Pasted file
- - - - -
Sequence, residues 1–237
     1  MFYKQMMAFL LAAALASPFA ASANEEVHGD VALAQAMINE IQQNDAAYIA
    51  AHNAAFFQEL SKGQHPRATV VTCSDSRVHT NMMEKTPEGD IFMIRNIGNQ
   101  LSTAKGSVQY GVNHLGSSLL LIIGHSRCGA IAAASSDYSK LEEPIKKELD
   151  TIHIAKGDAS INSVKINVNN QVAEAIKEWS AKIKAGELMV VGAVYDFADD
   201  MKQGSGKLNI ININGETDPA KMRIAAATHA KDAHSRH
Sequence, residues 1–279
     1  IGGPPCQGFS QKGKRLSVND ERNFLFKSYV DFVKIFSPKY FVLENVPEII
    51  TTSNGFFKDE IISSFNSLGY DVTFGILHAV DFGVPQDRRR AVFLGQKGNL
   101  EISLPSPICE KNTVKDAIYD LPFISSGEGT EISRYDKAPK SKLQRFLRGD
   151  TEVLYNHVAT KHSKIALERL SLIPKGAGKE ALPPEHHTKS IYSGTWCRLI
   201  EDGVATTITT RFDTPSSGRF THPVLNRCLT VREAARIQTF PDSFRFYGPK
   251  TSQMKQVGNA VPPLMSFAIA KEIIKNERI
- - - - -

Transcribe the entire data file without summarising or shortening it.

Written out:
Sequence, residues 1–237
     1  MFYKQMMAFL LAAALASPFA ASANEEVHGD VALAQAMINE IQQNDAAYIA
    51  AHNAAFFQEL SKGQHPRATV VTCSDSRVHT NMMEKTPEGD IFMIRNIGNQ
   101  LSTAKGSVQY GVNHLGSSLL LIIGHSRCGA IAAASSDYSK LEEPIKKELD
   151  TIHIAKGDAS INSVKINVNN QVAEAIKEWS AKIKAGELMV VGAVYDFADD
   201  MKQGSGKLNI ININGETDPA KMRIAAATHA KDAHSRH
Sequence, residues 1–279
     1  IGGPPCQGFS QKGKRLSVND ERNFLFKSYV DFVKIFSPKY FVLENVPEII
    51  TTSNGFFKDE IISSFNSLGY DVTFGILHAV DFGVPQDRRR AVFLGQKGNL
   101  EISLPSPICE KNTVKDAIYD LPFISSGEGT EISRYDKAPK SKLQRFLRGD
   151  TEVLYNHVAT KHSKIALERL SLIPKGAGKE ALPPEHHTKS IYSGTWCRLI
   201  EDGVATTITT RFDTPSSGRF THPVLNRCLT VREAARIQTF PDSFRFYGPK
   251  TSQMKQVGNA VPPLMSFAIA KEIIKNERI